By Robert Andrews
Development goes on and on, seemingly without end. Developers are always looking for properties to develop and often build million-dollar houses on properties they acquire.
In a town like Concord, good properties to develop become more and more scarce. The properties that remain impinge upon protected wetlands or conservation areas. They contain hillsides and big trees that must be removed for the development to proceed. They may open on streets that are already blocked at certain times of day by heavy, slow-moving traffic.
Is it really of value to the community to allow these developments to go forward? Currently proposed developments along or near Main Street in West Concord are a case in point. There are now three development projects on the drawing board and before the Planning Board. None of them seem to be in remotely ideal locations and each will potentially slow down already heavy traffic.
One of these projects is at the site of the E&S gas station, where Commonwealth Avenue bends sharply past the prison and out onto the Route 2 roundabout. The developer wants to put up a three-story, multi-use building containing both commercial establishments and residences. This is a very busy intersection where large numbers of cars are bumper to bumper heading out to Route 2 at least once a day. Cars going in and out of that location, which will have limited parking space, could turn a bad traffic dream into a nightmare!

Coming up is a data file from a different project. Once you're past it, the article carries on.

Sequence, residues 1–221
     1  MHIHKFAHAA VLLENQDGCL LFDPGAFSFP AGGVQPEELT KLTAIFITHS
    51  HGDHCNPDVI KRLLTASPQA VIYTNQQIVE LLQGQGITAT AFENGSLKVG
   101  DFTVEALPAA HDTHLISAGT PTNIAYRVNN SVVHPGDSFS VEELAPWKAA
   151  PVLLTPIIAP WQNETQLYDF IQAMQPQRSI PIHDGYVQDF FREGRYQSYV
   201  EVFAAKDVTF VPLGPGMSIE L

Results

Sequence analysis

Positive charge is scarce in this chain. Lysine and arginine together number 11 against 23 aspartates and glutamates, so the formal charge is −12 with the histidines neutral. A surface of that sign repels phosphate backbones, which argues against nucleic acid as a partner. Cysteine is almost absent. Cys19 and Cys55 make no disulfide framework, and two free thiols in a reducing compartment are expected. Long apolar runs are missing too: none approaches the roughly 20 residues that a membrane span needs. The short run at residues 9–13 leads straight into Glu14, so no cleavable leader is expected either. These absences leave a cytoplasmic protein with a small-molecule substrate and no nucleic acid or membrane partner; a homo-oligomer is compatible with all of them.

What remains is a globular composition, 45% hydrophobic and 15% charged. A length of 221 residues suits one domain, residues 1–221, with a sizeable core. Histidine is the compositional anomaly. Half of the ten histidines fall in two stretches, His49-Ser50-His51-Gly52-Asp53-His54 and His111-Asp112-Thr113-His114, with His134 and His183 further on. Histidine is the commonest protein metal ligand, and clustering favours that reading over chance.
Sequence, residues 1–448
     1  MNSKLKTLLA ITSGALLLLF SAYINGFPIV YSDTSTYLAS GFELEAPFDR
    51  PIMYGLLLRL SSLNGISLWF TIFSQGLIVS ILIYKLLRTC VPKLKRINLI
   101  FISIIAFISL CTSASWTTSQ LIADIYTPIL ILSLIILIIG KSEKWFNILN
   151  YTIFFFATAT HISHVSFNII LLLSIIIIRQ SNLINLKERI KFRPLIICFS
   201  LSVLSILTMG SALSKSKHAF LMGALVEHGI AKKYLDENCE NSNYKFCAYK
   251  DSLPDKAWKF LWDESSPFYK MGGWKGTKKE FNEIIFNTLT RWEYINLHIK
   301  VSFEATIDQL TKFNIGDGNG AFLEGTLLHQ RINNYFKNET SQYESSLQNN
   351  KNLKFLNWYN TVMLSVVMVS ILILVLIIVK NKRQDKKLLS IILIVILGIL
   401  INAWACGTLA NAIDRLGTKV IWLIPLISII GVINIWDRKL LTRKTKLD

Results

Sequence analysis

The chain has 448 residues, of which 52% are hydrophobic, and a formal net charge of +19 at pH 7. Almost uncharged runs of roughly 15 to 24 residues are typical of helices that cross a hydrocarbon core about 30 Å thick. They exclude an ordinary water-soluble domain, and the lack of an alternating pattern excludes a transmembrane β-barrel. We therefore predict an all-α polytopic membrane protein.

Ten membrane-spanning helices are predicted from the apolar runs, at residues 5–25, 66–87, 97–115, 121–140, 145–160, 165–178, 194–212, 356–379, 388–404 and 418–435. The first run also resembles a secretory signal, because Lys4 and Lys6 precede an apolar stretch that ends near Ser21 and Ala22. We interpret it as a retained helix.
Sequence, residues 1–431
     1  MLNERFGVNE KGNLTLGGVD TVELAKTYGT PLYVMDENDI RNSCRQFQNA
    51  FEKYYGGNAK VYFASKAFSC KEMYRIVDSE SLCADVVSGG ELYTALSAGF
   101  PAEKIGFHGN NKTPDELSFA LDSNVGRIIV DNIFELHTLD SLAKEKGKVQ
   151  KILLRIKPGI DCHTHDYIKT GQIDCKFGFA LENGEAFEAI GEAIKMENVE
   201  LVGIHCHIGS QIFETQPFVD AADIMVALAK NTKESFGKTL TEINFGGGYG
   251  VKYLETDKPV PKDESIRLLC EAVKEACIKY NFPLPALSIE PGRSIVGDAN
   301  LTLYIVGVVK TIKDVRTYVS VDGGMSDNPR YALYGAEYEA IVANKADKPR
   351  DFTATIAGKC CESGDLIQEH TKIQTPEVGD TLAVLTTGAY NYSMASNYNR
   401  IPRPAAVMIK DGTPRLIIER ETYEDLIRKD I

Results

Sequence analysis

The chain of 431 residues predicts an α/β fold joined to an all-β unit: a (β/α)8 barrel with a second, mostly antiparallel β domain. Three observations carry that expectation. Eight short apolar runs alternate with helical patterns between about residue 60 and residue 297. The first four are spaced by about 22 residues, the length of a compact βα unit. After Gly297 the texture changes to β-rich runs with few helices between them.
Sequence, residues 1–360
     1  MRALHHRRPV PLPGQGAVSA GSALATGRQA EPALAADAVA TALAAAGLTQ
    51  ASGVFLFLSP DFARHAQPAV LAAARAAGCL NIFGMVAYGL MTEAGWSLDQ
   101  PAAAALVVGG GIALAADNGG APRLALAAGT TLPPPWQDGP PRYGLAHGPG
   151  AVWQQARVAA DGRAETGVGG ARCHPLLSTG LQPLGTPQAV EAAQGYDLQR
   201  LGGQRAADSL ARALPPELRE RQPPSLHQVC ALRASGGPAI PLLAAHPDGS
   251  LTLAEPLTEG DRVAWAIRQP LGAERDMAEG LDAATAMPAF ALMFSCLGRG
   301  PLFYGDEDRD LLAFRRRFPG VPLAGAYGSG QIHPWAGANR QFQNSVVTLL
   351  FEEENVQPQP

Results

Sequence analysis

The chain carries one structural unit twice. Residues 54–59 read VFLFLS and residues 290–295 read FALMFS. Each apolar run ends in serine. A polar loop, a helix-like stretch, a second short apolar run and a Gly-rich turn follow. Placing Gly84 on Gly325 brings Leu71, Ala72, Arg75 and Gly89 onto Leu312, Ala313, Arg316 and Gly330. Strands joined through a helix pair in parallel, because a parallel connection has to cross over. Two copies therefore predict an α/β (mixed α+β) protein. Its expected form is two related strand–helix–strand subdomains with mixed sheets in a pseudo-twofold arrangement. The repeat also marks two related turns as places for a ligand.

Another is a subdivision proposal for the two-and-a-half-acre property located behind 1053 Main St. This is a heavily treed and hilly landscape harboring much wildlife. It is scarcely large enough to accommodate four house lots with a new private road to access it, and the houses built will be expensive ones that many people could not afford to occupy. The only entrance and exit is near the busy intersection of Main Street and Baker Avenue.
The third project is a very large apartment complex to be located on Baker Avenue that will have over 200 units. It seems inevitable that many of the residents will have cars that will need to exit or enter Baker Avenue close to where the proposed 1053 Main Street development will go.
Each of these projects has certain merits, but collectively they add up to an extreme overloading of an already overloaded street.
I personally live along this road with my wife. One thing that has always delighted us about our location is how close it is to Emerson Hospital and to the medical offices on Baker Avenue. It has, however, been getting harder and harder to break into the Main Street traffic at certain times of day. We are at the mercy of kindly drivers in getting access to the road. As the situation worsens and drivers get more impatient and irritable, a longer wait seems inevitable, just to get into creeping traffic. This is not, for us, a happy thing! Is it good planning?